October 1, 2018 in Flashpoint, News from Our Companies

Marauder Robotics named named to MIT Solver class

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Dennis Yancey is CEO of Marauder Robotics.
Dennis Yancey is CEO of Marauder Robotics.

Marauder Robotics, an ATDC portfolio company developing underwater technologies to restore and maintain ocean ecosystems, was named to the MIT Solver class of 33 tech entrepreneurs who are solving global challenges.

An initiative of the Massachusetts Institute of Technology (MIT), Solve seeks lasting solutions from tech entrepreneurs that address the world’s most pressing problems.

As part of being named to the Solver class, Marauder Robotics, co-founded by Dennis Yancey, CEO, and Arthur “Trey” McClung, chief technology officer, was awarded $10,000.

“We are incredibly inspired by each new Solver selected at Solve Challenge Finals as they advance solutions to four of the world’s biggest Challenges,” Solve Executive Director Alex Amouyel said in a statement.

Arthur “Trey” McClung is chief technology officer of Marauder Robotics.
Arthur “Trey” McClung is chief technology officer of Marauder Robotics.

“We want to support our Solver teams so they can access mentors and experts to help validate and scale their solutions, as well as additional follow-on funding and in-kind resources.”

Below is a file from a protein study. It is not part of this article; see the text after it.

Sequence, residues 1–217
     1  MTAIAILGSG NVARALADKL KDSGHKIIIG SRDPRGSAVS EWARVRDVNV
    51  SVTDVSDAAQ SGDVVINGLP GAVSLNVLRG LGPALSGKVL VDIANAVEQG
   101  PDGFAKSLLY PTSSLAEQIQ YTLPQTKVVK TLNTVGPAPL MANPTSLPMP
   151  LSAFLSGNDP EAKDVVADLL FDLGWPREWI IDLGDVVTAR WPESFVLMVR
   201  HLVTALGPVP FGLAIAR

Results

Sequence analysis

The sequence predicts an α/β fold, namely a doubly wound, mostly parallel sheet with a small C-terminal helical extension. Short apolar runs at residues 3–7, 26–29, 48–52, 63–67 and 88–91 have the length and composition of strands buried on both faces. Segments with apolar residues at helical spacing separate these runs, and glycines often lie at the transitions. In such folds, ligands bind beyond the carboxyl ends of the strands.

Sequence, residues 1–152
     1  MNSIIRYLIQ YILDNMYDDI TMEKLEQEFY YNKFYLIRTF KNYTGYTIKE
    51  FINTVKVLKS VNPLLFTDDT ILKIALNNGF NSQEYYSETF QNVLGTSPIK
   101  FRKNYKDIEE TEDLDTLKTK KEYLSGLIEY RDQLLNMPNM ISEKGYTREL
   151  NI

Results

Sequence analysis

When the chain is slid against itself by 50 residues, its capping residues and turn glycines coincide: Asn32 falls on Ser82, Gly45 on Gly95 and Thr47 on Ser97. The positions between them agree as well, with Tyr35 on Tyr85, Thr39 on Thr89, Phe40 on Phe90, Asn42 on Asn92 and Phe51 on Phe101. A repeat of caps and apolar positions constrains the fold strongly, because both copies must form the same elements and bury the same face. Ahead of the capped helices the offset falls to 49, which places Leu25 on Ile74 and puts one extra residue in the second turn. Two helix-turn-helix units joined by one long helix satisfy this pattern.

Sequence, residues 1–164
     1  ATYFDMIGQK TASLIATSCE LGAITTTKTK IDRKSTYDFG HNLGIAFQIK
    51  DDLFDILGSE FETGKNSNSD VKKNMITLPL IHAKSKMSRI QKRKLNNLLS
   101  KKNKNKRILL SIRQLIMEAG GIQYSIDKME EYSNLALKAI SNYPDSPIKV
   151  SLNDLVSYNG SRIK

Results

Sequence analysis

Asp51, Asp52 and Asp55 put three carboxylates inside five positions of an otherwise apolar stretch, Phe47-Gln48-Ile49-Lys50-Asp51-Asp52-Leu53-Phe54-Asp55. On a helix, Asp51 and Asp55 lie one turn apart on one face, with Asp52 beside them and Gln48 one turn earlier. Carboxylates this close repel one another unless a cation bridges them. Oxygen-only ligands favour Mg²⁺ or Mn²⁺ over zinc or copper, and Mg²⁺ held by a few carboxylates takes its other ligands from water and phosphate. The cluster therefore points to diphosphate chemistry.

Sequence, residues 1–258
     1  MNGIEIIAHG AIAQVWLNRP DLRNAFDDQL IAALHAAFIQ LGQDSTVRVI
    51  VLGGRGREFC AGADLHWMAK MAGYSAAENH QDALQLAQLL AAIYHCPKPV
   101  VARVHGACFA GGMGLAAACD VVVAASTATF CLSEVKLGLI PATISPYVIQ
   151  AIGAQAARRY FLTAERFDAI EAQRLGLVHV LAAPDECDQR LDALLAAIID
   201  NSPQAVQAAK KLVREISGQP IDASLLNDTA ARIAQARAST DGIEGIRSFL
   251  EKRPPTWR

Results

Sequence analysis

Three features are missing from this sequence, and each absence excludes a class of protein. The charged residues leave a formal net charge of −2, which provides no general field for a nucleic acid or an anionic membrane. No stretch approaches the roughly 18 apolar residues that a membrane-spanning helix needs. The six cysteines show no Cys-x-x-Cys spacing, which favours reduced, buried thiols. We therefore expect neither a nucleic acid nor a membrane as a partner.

Marauder Robotics was one of 1,150 solutions sent in from 110 countries to address Solve’s four global challenges:

  • Work of the Future
  • Frontlines of Health
  • Coastal Communities
  • Teachers & Educators

Marauder Robotics is one of nine Solve teams in the Coastal Communities Challenge.

“This win validates what we’ve been researching and being a part of Solve will help connect us to potential early-stage stakeholders, foundations, and grants from federal agencies,” Yancey said. “It also brings greater awareness to what we’re doing and it moves us one step closer to realizing a scalable solution to a global problem.”

The company’s technology seeks to rebalance underwater ecosystems by using an artificially intelligent and tunable autonomous underwater predator to augment reduced populations of natural predators to sea urchins.

The urchins — herbivores — feed on kelp, a type of algae.

But human demand for lobsters, crabs, and large fish have greatly reduced populations of the urchins’ natural predators, Yancy said, adding coastal development has displaced sea otters, another predator to urchin populations.

“With an imbalance in these predator populations, the urchins are eating all the kelp and kelp is the foundation of these ecosystems,” he said.

The company is slated to deploy its technology as part of a test project off the Tasmanian coast in Australia in early December.




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